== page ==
Figure 1.

(top) Measured SI and (bottom) fractional moments for realizations of scintillation from a power law phase screen with ν = 2.4 realization.

[11] This is reinforced in Figure 2, which shows the intensity structure at the SI maximum. Although this extreme behavior would not be expected for the conditions that are known to cause ionospheric scintillation, local enhancements due to scale sampling of large enhancements can create local intensity structure enhancements that are distinctly nonhomogeneous.

Figure 2.

Intensity structure at the distance from the phase screen where SI achieves its maximum value.

3. Beacon Satellite Scintillation

[12] Structured regions that produce the scintillation observed on Beacon satellite transmissions are highly nonuniform. Thus, the statistical homogeneity that supports a spectral characterization applies only over local segments within a more variable background. Segmentation procedures have been developed to identify and characterize homogeneous subregions [Mallat et al., 1998], but the scintillation problem is compounded by the complex relation between field observables and δn(x, ς). Insofar as the FPE solution is concerned, no distinction need be made between structure and background, but a parametric structure model remains essential to modeling. The Beacon satellite modeling challenges, as summarized by Bhattacharyya et al. [1992], are well known.

[13] Figure 3 shows a local reference coordinate system (xpypzp), which has been used extensively for scintillation analysis. A ray from a source through a structured region to a measurement plane involves a very large volume of the propagation space. As discussed by Rino [2011, chapter 4], an extension of the theory by Costa and Basu [2002] allows efficient simulation and theoretical computation by introducing a continuously displaced local coordinate system that follows the central ray shown in Figure 3. FPE-based numerical computation in the displaced coordinates are implemented by the spatial variable change

equation image

and the replacement

equation image

in the Fourier domain form of the diffraction operator. The unit vector equation imageequation image is the renormalized projection of the propagation vector onto the transverse plane. Within the constraints that support (14), results for isotropic normal incidence can be translated algebraically. The details are summarized with examples in the work by Rino [2011, chapter 4], and will not be repeated here. Managing the continuous displacement, however, introduces some modeling complications discussed below.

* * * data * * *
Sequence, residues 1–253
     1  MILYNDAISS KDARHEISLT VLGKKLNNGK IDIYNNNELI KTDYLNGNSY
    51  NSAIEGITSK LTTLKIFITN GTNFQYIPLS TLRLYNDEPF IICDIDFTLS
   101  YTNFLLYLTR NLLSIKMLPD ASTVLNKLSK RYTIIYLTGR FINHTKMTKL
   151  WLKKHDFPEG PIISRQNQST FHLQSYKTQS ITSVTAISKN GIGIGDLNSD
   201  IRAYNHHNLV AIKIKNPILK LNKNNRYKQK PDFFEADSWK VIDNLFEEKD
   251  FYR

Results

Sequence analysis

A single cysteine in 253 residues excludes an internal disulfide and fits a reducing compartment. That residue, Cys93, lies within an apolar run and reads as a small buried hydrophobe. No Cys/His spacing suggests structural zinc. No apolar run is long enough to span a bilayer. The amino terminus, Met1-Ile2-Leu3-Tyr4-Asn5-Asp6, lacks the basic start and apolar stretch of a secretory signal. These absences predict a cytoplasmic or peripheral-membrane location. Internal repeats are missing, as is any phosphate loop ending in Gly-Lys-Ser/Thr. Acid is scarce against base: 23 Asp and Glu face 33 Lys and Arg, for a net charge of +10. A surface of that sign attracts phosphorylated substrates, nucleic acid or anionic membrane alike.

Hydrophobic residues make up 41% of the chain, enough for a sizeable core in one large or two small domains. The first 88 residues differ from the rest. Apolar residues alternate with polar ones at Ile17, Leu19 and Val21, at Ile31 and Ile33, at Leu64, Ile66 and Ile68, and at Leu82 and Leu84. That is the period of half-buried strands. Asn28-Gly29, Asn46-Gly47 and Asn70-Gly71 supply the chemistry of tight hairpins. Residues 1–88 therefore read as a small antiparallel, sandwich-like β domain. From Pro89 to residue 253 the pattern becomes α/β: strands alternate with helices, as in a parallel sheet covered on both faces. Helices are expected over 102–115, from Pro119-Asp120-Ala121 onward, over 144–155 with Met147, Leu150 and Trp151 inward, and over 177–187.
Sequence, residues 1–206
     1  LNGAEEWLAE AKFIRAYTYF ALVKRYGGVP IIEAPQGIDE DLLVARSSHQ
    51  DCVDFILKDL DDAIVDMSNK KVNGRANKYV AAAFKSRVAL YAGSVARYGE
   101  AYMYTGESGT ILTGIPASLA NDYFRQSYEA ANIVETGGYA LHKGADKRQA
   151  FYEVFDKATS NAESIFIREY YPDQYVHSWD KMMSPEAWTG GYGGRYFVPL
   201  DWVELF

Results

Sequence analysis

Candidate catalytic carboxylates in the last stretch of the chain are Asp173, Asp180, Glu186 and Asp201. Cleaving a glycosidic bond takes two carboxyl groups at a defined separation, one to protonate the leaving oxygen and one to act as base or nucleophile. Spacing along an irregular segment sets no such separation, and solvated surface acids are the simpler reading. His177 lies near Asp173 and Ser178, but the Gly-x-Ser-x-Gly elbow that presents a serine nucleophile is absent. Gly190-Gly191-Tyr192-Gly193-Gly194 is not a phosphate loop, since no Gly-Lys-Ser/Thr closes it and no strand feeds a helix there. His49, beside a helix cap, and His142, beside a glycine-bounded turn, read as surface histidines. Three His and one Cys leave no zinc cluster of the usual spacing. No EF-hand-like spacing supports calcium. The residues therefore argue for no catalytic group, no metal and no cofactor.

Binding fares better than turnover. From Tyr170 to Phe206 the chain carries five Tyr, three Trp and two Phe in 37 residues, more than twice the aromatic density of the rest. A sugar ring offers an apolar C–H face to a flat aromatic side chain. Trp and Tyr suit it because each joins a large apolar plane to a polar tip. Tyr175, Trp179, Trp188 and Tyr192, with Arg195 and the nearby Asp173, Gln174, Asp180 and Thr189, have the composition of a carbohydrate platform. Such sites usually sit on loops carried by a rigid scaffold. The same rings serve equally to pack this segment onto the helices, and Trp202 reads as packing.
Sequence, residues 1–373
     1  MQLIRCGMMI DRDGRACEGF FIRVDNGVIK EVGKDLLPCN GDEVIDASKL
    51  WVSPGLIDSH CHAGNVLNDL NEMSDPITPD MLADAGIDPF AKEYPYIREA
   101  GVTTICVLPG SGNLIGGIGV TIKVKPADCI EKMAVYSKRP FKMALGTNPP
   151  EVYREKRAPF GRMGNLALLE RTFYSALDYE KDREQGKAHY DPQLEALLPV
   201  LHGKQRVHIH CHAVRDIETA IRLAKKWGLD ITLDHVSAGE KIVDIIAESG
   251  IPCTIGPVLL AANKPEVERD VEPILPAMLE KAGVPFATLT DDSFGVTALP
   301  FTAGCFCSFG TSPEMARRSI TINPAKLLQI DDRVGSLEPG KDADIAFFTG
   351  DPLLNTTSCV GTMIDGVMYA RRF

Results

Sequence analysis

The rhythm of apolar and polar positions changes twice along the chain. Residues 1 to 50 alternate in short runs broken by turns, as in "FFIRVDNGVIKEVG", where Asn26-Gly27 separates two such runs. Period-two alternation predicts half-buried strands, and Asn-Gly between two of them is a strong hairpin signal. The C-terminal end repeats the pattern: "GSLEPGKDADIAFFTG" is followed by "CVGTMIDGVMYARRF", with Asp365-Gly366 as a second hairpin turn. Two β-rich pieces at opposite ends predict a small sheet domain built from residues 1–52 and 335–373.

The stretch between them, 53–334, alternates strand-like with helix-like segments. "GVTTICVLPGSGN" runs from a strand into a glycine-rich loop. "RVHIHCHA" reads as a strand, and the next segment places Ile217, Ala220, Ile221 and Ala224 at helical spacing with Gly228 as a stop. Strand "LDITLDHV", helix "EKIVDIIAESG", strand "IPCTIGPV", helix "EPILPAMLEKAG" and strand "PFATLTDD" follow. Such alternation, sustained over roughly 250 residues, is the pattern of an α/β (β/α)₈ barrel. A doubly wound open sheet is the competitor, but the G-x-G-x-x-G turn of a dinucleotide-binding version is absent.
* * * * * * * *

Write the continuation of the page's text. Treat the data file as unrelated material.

Figure 3.

Reference geometry for Beacon satellite to ground propagation.

3.1. Equatorial Beacon Satellite Geometry

[14] To establish a geometry and a consistent set of associated parameters for simulation, the C/NOFS satellite pass described by Rino [2011, chapter 4] is used. Figure 4 shows the trajectory of the 400 km penetration point (dark line) overlaid on a map of the magnetic dip angle. (Zero dip angle defines the geomagnetic magnetic equator.) The pentagram marks the location of the receiving station. The pass cuts field lines, which are perpendicular to the contours in Figure 4, at a small oblique angle. The pass geometry establishes the pointing angles in the reference coordinate system, the orientation of the magnetic field, and the apparent drift rate in the measurement plane induced by the satellite motion. The satellite-induced apparent drift rate is augmented by true drift motion of the irregularities.

Figure 4.

Trajectory of 400 km penetration point overlaid on B field dip angle map.

3.2. Equatorial Structure Model

[15] Equatorial scintillation has long been associated with very large scale structures called plumes. In a purely statistical model in which each slab is brought into a split-step computation as an independent realization, the structure variation must be imposed analytically. Costa used simultaneous radar backscatter measurements to impose such a spatial variation. His results are described in this special Radio Science issue. Here numerical simulations that incorporate the known physical processes that generate equatorial plumes are used [Retterer, 2010a].

[16] The simulations generate three-dimensional maps of the background electron density. However, because of the very large computation grid, the smallest resolved scale is several kilometers. Moreover, numerical diffusion distorts the structure at the smallest resolved scales. The small-scale structure that drives scintillation must be imposed. Retterer [2010b] used known spectral characteristics of the scintillation in the small-scale regime to extrapolate the resolved simulation structure down to the scale sizes responsible for scintillation. Retterer's [2010b] scintillation modeling approach used a path-integral scheme first introduced by Costa and Kelley [1977]. The computational efficiency of the path-integral approach allowed Retterer to produce a time history of the expected scintillation associated with an entire plume cycle. Retterer has kindly made his simulation results available for this preliminary study.